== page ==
Experts say one should find the positives in a negative situation.
Simon Motew (‘03/Highland Park, Ill.) appears to have found a way to do that.
A legit candidate for the 2021 NHL Entry Draft, ranked among the top 100 in at least one pundit’s list, Motew played last season with the Kitchener Rangers of the Ontario Hockey League. With the OHL still not up and running, Motew decided to play locally and has suited up for the Cougars since the start of December when the OHL pushed its season start until sometime this year.
Motew played most of his youth hockey with the Chicago Mission AAA squad and faced a big decision at the start of the 2019 season when he first suited up for the Rangers. That is a non-traditional route for many Americans as it makes them ineligible to play NCAA hockey, but Motew felt it was the way to go.
“I felt that for my development and for me to achieve my dream of getting drafted and playing in the NHL, the OHL was the best route,” said Motew in an email interview. “I know it’s uncommon for most Americans but being able to play 68 games a year plus playoffs as well as being on the ice every day competing with players who have the same dream as me, sounded like an amazing experience.”
There was a bit of a culture shock at first for the Windy City area D-man, who was accustomed to playing in front of small crowds while playing with the Mission, as the OHL draws massive crowds and Kitchener is a hockey hotbed.
“It was definitely a shock and it played into my decision to forgo college,” said Motew. “I knew that if I was going to pass up an NCAA scholarship, I wanted to have an amazing experience. When it comes to Kitchener, they are very passionate about their hockey. Playing in the ‘Aud’ (Kitchener Memorial Auditorium) in front of 7-8,000 fans a night is amazing. In AAA you typically just have your parents and family come watch you play.”
Like so many others, the season ended suddenly and disappointingly for Motew with the plug pulled right in the heart of the stretch drive as his team was battling down the stretch for the Division lead with the rival London Knights.
“London had a great team, and it was a battle every time we played them,” recalled Motew. “Last year, we really thought we could win a championship, so it was really tough on the organization when the season got cancelled. For our first-year players, like myself, we never got the chance to play in an OHL playoff game which was disappointing. But I really felt horrible for our over-agers (Major Junior teams allow a certain number of 21-year-olds, who we knew wouldn’t get another opportunity, as well as our players who were moving on to the AHL. It was really tough on everyone.”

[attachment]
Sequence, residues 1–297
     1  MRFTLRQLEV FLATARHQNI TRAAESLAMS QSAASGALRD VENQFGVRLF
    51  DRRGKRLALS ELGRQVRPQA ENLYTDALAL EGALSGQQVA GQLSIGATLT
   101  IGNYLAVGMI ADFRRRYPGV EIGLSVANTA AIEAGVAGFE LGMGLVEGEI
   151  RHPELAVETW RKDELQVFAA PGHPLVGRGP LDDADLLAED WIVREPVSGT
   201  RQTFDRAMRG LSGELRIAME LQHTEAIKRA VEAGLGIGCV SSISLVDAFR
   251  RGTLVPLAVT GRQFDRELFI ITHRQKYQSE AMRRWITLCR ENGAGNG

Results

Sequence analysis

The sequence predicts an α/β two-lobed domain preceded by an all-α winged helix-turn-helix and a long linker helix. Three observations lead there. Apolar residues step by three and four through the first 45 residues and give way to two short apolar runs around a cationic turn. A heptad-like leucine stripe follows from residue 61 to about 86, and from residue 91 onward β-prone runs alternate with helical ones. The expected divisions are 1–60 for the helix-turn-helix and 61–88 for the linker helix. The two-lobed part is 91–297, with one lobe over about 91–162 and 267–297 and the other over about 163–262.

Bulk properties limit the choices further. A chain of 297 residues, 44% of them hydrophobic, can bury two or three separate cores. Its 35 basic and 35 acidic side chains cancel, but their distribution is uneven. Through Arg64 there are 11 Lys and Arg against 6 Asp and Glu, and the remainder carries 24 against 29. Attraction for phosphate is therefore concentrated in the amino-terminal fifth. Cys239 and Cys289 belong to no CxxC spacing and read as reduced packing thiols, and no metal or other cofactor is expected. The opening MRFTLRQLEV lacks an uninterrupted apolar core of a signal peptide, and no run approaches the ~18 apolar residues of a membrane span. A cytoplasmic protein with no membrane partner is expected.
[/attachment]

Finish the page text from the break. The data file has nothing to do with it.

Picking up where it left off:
The off-season became torturous as the OHL scheduled, pushed, and rescheduled opening dates for this season, due to strict COVID regulations in Ontario. The OHL still does not have a set start date for what would be a partial 2021 season.
“It was tough having the dates continually pushed back,” said Motew. “But I tried not to focus on that too much. If I found myself thinking about it, I would try to refocus on what was in my control like making sure I was optimizing my training and development. This summer I focused a lot of my time on the defensive side of the game. On a weekly basis, I was working with a figure skating coach to become a more controlled/balanced skater, a speed skating coach to focus on my straight-line speed, as well as the Chicago Blackhawks Skills Coach, Brian Keane.
“I have really done everything in my power to take advantage of these last nine months or so.”
When the OHL postponed its start again at the beginning of December, Motew decided he needed to a little more than practice.
“I knew I wanted to start playing games. Having the ability to stay in Chicago and continue working with my trainers while playing games was really exciting to me. Also, my brother, Asher, is on the Cougars so having the opportunity to play with him was hard to pass up.”
Simon gives the Cougars, a team known for its offensive power, a chance to be a more balanced team with some strength in its own end, but Motew is clearly having fun putting the puck in the net as well, collecting 43 points through just 17 games with the club. His presence, along with some of the best offensive players in the league, could make the team a huge threat when playoffs roll around.
“We can put the puck in the back of the net, while also shutting our opponents down offensively,” said Motew. “Our power play has been great lately and has been generating a lot of chances. Our goal is to win every night and I think everyone on the team understands their role and how they need to play to win.”
He may be playing in mostly empty rinks right now, but Motew has plenty of eyes on him as NHL scouts put their draft lists together for the summer draft. Motew tries not to put too much pressure on himself about that though.
“I try my best not to think about it,” said Motew. “Like every player, my dream is to be drafted in the NHL, but I really try to have a day-to-day mindset. I do everything I can to push myself and get better on a day-to-day basis and when the NHL Draft does come, I hope to hear my name called.”